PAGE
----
This took a good while–maybe twenty minutes. In the meantime, I prepared the ribs. First I seasoned them with a bit of salt and pepper on all sides (the “bony” side could get neglected here, but it doesn’t hurt either).
Then I put about half a cup of flour into an old Cool Whip container (the best multipurpose storage container available in the universe, as far as I’m concerned) and put the ribs inside, one by one, covered the container with the original lid, and shook the container to coat the rib. This worked great most of the time, but sometimes there were some practical complications:
Despite the practical limitations of the physical universe, I managed to get all of the ribs dredged in the flour. (And the cutlery, apparently.)
Why bother with the dredging? Well, for one thing it helps to make a nicely browned, tasty crust on the ribs. Even though the crispiness will be lost when we braise, the flavor development from the browning will contribute to the flavor of the broth. Secondly, the flour itself will help to act as a thickener for the broth as the flour gets absorbed into it.
Anyway. About that browning issue. Remember the excess oil from the onions? I left it in the pan after I removed the onions to brown the ribs in, and seared the ribs in that oil. I had to do the ribs in two batches so the pan didn’t get overcrowded (which would cause the browning to take a long time and brown poorly to boot). I browned the ribs on all sides, until they looked like this:
After the ribs were done cooking, they went straight into the crock pot (along with the onions, which I had put there previously). Now it was time to deglaze the pan. Cooking the onions and the beef had developed a nice layer of browned goodness on the bottom of the pan. In order to extract maximum flavor from this browned goodness, I poured some chicken stock into the pan and scraped the pan bottom thoroughly with a metal spatula. The combination of the boiling stock and the loosening of the browned bits helps to move that flavor into the broth. Once I had gotten the browned bits thoroughly dissolved, I moved the broth–you guessed it–into the crock pot. Finally, I added some red wine, a can of tomatoes, and a couple carrots to the pot, covered it, and into the fridge it went until morning.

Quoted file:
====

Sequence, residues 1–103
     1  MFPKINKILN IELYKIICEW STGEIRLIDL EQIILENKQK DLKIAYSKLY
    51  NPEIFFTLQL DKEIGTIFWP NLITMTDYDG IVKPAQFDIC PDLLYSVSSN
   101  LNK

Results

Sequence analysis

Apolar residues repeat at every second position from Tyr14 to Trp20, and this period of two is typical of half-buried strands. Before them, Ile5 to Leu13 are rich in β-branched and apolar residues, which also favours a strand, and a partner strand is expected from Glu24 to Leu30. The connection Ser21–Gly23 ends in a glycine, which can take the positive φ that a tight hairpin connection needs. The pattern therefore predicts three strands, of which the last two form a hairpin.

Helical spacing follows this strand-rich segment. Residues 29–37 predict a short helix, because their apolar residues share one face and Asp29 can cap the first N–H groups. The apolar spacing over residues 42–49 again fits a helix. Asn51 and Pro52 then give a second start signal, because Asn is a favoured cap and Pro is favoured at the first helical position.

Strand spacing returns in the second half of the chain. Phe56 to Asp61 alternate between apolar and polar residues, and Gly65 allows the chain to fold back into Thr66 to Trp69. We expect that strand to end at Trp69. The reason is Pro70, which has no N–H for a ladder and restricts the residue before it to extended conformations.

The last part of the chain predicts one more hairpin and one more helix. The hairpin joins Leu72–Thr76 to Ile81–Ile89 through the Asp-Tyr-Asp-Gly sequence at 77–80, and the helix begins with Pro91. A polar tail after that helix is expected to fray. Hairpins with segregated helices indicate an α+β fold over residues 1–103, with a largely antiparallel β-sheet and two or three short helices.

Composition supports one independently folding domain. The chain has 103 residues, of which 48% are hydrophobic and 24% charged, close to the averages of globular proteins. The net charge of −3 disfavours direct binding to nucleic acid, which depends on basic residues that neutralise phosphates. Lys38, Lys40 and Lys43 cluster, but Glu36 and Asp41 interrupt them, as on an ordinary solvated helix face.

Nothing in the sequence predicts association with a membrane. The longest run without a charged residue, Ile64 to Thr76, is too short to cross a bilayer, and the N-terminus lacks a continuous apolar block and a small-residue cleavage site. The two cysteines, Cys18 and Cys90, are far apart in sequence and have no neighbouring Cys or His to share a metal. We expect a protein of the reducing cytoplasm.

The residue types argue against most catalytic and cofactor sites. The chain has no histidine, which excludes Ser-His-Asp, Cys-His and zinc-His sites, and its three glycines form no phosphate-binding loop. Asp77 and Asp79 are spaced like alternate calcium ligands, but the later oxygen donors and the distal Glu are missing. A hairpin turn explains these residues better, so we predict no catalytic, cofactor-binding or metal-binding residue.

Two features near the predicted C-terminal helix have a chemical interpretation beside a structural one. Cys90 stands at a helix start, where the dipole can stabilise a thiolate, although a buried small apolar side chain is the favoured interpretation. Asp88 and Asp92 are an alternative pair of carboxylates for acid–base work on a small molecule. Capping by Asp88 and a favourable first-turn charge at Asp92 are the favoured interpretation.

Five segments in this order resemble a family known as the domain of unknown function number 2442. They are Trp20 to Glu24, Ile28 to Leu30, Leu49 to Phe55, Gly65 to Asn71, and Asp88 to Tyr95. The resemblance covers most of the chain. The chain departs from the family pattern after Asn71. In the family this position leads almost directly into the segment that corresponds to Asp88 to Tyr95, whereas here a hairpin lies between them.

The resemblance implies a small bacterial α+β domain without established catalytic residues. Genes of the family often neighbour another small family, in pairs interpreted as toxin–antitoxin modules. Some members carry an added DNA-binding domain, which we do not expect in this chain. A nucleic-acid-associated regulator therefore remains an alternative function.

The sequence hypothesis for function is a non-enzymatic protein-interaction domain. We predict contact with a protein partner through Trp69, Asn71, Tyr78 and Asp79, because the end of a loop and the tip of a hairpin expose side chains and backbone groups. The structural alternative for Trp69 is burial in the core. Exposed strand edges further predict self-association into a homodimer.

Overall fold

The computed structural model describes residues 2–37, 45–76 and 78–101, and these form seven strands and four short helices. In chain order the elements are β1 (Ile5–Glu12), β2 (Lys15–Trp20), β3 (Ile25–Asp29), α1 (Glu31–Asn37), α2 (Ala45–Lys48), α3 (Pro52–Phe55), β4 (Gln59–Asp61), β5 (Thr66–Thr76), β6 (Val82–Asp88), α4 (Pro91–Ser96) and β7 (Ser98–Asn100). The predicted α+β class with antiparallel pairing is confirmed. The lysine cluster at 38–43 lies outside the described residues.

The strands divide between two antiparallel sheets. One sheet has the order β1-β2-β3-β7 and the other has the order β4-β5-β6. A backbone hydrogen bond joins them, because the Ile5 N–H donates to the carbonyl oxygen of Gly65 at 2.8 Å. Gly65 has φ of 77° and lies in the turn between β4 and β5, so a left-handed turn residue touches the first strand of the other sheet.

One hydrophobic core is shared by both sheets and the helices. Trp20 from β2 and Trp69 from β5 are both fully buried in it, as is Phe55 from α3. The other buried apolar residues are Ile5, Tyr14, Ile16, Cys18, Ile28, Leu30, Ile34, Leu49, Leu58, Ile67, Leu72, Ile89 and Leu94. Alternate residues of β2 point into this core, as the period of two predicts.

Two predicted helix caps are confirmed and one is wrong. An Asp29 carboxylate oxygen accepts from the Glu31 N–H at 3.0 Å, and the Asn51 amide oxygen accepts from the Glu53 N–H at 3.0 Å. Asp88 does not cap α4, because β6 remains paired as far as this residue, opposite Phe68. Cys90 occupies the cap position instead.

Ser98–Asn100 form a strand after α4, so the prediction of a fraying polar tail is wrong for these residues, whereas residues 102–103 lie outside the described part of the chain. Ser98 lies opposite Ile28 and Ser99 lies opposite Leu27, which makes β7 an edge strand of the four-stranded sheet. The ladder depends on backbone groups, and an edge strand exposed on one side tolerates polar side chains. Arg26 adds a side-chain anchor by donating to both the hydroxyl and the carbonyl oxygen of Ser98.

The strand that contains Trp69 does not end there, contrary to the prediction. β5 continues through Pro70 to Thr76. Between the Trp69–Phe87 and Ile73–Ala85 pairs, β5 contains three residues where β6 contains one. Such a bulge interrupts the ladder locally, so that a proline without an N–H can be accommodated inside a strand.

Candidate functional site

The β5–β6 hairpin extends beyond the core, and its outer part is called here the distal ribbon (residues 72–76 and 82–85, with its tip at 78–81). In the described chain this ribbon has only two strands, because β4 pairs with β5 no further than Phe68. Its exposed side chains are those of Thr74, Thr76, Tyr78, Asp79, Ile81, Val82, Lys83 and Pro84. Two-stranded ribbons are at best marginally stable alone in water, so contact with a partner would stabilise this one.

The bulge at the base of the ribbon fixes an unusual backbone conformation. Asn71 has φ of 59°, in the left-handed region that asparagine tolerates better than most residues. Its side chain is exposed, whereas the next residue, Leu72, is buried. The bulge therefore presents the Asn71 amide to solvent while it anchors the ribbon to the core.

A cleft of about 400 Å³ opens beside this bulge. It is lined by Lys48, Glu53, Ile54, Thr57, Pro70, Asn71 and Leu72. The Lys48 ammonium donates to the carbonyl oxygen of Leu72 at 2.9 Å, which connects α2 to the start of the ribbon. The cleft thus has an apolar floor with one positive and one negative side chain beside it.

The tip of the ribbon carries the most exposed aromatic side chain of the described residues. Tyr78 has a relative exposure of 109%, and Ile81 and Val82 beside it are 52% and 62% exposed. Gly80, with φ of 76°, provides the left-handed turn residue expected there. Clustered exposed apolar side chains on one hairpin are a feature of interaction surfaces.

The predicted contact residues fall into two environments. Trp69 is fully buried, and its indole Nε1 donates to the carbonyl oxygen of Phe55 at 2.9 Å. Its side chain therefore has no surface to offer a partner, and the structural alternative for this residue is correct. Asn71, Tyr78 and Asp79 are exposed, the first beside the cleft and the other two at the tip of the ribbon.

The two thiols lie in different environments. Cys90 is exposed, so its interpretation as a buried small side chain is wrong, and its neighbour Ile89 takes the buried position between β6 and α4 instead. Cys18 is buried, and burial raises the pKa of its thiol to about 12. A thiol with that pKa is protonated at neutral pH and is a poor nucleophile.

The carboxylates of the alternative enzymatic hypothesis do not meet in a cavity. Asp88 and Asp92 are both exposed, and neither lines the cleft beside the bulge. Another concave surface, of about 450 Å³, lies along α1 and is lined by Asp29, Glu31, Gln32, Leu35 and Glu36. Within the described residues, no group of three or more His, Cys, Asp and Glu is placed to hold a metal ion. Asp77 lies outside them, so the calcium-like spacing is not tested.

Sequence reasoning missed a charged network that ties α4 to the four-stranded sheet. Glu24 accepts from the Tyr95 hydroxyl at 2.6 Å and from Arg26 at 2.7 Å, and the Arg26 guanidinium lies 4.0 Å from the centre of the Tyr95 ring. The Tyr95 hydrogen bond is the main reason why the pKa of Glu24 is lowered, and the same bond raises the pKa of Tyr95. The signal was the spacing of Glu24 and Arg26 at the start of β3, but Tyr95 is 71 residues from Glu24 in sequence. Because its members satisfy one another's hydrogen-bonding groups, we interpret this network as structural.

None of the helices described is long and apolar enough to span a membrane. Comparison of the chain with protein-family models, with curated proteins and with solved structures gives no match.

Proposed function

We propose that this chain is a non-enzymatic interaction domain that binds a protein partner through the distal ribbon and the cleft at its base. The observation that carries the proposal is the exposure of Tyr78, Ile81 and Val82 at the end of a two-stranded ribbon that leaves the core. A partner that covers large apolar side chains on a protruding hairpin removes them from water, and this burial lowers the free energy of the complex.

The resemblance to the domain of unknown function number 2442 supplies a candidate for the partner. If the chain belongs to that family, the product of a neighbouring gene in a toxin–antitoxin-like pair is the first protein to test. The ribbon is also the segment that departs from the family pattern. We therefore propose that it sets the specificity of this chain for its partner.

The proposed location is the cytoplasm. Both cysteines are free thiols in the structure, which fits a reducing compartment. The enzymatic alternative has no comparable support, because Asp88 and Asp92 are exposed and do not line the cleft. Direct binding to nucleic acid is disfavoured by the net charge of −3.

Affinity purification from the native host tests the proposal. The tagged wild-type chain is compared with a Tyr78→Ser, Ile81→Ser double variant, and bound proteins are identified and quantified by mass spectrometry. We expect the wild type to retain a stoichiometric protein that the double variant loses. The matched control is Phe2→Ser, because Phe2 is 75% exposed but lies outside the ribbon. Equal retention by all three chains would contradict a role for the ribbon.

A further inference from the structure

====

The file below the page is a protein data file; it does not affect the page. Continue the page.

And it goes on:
(As you can probably tell, I decided to try out one of those slow cooker liner bags. While they’re not totally water-tight, the ceramic insert certainly ended up cleaner than it would have without it.)
In the morning I set the crock pot on its longest setting at low heat. Ten hours later, the ribs were done. I skimmed off as much fat from the top of the broth as I could, moved the ribs to a bowl to rest for a minute, and strained the broth into a saucepan. Then I boiled some egg noodles in the broth and combined the whole shebang. (Actually, I set aside some of the noodles without combining them with everything else, because the Picky Epicurean is not too hot about “stuff” in her food–just noodles, broth and meat for her, thanks!)
So there you have it. While a bit labor intensive as far as preparation is concerned, the reward is ten hours of not having to care about the cooking at all. That and a flavorful, hearty, and economical (one hopes) meal with a lot of possibilities for modification and creativity.